Apple today released
its 2019 Supplier Responsibility Report
, offering a look into Code of Conduct violations in Apple's supply chain and details on progress made with programs promoting health, education awareness, and more.
Apple shares an updated Supplier Responsibility Report on an annual basis in an effort to be transparent about the worker conditions in supplier factories and the steps that Apple takes to improve the lives of the employees that create the range of Apple products available to consumers. Data for these reports are gathered from audits of Apple supplier facilities, with 770 locations audited across 30 countries in 2018.
As of 2018, Apple says that 17.3 million supplier employees have received training in workplace rights, while 3.6 million have been provided with advanced education skills and training, including App Development with Swift courses. Apple chief operating officer Jeff Williams said that in everything Apple does, "people come first."
"We are constantly raising the bar for ourselves and our suppliers because we are committed to the people who make our products possible as well as the planet we all share. This year, we're proud to give more people an opportunity to advance their education. Working alongside our suppliers, we're challenging ourselves to find new ways to keep our planet healthy for future generations. Our goal has always been not just to drive progress in our supply chain, but to drive meaningful change across the industry."
Employees who participated in the Swift training course have created more than 40 apps, while more than 1,500 Apple supplier employees were able to earn a college degree through Apple's educational offerings. Health training programs covering nutrition, maternal health, and more have reached upwards of 250,000 people.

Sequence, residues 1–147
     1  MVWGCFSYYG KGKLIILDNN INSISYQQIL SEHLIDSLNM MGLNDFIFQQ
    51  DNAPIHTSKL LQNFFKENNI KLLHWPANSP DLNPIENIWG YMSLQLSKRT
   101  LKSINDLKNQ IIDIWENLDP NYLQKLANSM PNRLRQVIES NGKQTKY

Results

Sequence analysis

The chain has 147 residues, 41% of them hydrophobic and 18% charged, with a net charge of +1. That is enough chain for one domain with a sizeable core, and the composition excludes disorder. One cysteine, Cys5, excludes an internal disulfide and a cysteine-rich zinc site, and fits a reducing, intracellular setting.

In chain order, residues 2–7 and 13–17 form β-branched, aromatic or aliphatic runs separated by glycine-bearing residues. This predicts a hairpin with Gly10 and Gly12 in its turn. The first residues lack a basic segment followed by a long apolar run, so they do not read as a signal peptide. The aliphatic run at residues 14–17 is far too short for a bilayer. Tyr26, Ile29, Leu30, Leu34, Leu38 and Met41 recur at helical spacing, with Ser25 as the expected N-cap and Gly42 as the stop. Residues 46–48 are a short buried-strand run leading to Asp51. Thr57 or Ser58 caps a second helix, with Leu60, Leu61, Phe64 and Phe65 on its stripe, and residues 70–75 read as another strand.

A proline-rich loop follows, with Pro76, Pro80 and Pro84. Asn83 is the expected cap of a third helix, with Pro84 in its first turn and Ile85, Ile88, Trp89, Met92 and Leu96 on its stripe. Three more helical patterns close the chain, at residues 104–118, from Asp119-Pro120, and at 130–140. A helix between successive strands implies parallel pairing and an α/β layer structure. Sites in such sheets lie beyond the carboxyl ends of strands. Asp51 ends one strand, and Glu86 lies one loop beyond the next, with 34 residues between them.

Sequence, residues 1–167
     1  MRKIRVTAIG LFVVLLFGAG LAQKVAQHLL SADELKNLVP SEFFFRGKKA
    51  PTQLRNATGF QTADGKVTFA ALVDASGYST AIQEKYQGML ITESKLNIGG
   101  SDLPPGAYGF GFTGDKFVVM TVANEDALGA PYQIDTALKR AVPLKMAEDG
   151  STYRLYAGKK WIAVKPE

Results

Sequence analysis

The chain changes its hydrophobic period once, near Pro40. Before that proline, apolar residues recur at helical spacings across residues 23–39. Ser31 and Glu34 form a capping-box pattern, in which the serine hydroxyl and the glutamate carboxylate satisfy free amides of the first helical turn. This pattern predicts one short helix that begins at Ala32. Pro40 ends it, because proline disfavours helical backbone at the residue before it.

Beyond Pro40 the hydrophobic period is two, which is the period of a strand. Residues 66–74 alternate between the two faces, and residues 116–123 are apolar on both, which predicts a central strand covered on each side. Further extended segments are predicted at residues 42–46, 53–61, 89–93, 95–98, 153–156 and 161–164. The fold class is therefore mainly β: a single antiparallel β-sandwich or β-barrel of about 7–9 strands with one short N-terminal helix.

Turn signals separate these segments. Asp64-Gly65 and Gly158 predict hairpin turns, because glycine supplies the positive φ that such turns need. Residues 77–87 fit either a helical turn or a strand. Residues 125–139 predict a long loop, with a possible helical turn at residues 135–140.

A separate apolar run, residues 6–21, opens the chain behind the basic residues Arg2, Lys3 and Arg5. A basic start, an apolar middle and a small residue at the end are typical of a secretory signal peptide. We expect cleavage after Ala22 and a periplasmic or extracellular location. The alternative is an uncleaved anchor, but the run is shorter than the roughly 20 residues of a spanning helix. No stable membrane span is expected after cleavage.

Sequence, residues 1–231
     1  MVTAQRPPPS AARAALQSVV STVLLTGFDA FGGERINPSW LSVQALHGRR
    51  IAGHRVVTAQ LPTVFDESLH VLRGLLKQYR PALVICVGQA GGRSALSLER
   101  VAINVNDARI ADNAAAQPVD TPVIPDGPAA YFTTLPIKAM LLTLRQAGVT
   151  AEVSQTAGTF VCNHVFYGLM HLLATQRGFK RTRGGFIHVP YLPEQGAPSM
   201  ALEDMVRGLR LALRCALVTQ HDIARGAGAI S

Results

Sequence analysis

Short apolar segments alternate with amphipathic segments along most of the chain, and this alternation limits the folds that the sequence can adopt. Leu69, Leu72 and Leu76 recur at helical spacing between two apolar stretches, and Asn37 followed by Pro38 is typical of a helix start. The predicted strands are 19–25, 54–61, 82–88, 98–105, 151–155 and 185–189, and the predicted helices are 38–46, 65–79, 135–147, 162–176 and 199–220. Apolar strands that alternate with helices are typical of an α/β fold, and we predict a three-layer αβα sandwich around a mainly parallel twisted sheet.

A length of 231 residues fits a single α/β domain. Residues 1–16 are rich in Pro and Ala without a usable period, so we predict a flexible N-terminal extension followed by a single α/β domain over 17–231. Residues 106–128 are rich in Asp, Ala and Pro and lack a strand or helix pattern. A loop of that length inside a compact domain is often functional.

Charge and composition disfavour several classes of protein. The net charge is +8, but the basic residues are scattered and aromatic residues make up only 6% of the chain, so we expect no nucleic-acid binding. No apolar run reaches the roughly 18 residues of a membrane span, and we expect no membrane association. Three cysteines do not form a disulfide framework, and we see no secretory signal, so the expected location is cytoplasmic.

Over the years, Apple has had problems with debt-bonded labor in its supply chain, where recruiters charge factory workers for a job. Apple has long disallowed this practice, and in 2018, Apple introduced new programs to prevent debt-bonded labor in high-risk locations and it limited subcontracting for custodial staff in retail stores. Stricter standards for suppliers who hire foreign contract workers were also implemented.
Apple in 2018 saw a 30 percent increase in "high-performing" suppliers that adhere to the guidelines in its supplier Code of Conduct. On a 100 point assessment scale implemented by Apple, its suppliers earned an overall score of 89 in the Labor and Human Rights category, up from 86 in 2017. The deductions in score came primarily from violations related to working hours and wages.
Apple discovered 24 working hours falsification violations, two debt-bonded labor violations, and a single underage labor violation.
For Health and Safety and Environment, Apple's suppliers earned an overall score of 93 in each category, up from 90 and 91, respectively, in 2017.
As for environmental efforts, Apple says that all of its final assembly sites for iPhone, iPad
, Mac, Apple Watch
, and HomePod
are now certified "Zero Waste to Landfill" thanks to a focus on reuse and recycling. Apple suppliers have diverted 1 million tons of garbage from landfills over the course of three years.
Apple has also expanded its clean water program to 116 suppliers, saving 7.6 billion gallons of water in 2018. Greenhouse gas emissions were reduced by more than 466,000 annualized metric tons, equivalent to removing 100,000 cars from the road.
Apple's full report [PDF
] goes into much more detail on the specific programs available to supplier employees and the results from those programs, plus it provides a deeper look into conditions at supplier locations and offers more insight into Apple's environmental efforts.
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